NHL teams have lots to do before Wednesday's frenzy Staff

6/29/2009 12:26:00 PM

The next 24 to 48 hours could be a nail-biter for some of the NHL's six Canadian clubs as Wednesday's free agent signing period draws closer.

In Vancouver, the spotlight is obviously on any progress in contract negotiations between Canucks general manager Mike Gillis and the Sedin twins. Henrik and Daniel Sedin, who have been career Canucks since being drafted by the club in 1999, are facing the reality they may have to test the open market to determine their value.

And from their perspective, that value is reportedly high. According to a story on Swedish website last week, the twins are looking for identical 12-year contracts worth $63 million each. Their agent, JP Barry says there has been no progress in contract discussions, including a meeting with Gillis last week in Montreal that failed to produce a counter offer.

Should the twins decide to move elsewhere, part of the void could quickly be filled with forward Marian Gaborik. The soon-to-be free agent winger is in the midst of an interesting rumour that he has purchased a home in West Vancouver. That - combined with the fact that a possible signing could re-unite him with former Minnesota linemate Pavol Demitra - has fans and media on the West Coast whispering about an overhaul up front.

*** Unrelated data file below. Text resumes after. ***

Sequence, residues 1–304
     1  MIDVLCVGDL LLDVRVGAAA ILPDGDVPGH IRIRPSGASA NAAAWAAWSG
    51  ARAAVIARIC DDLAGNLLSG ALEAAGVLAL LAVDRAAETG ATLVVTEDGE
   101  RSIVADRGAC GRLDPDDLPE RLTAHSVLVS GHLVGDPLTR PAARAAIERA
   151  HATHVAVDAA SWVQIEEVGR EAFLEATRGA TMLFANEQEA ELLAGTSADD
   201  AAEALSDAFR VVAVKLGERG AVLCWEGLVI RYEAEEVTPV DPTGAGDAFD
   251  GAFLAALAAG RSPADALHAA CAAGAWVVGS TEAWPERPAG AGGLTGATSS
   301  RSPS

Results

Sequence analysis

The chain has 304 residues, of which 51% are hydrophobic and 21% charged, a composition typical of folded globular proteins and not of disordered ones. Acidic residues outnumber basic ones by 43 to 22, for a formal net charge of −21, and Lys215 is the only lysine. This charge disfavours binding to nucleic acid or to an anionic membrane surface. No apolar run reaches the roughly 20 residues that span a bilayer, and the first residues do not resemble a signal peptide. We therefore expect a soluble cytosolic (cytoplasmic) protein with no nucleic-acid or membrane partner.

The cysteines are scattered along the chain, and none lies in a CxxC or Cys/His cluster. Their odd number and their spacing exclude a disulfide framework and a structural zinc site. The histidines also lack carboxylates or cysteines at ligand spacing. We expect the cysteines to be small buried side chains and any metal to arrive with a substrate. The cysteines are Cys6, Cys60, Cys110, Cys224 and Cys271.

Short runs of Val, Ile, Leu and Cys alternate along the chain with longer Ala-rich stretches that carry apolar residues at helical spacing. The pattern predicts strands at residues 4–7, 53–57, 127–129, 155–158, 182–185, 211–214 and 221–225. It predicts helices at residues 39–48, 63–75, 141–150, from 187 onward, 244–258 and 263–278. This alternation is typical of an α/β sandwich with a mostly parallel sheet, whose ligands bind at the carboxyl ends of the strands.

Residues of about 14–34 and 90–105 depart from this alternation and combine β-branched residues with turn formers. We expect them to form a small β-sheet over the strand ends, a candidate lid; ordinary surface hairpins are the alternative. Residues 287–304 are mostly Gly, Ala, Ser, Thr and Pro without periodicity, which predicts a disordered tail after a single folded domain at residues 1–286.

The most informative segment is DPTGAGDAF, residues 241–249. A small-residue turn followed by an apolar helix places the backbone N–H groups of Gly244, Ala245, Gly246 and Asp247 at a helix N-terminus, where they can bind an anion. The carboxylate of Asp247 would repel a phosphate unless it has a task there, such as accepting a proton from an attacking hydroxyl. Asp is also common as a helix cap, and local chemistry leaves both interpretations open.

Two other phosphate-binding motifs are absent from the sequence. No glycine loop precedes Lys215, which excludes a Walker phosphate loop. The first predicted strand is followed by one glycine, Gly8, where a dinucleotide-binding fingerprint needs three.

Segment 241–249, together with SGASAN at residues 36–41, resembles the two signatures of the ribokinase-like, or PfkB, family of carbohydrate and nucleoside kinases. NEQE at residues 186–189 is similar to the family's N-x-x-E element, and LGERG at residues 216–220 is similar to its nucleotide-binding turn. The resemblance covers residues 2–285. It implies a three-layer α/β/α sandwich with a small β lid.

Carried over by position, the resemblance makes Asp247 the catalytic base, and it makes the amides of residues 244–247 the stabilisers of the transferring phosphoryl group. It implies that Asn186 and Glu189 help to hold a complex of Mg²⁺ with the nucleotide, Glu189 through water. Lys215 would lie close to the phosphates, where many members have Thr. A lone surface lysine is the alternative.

Should the Sedins continue their career elsewhere, the Canucks could also have room to re-sign defenceman Mattias Ohlund. The Swedish blueliner has also spent his entire career in Vancouver, although local reports say that he has already put up a 'For Sale' sign in front of his own home.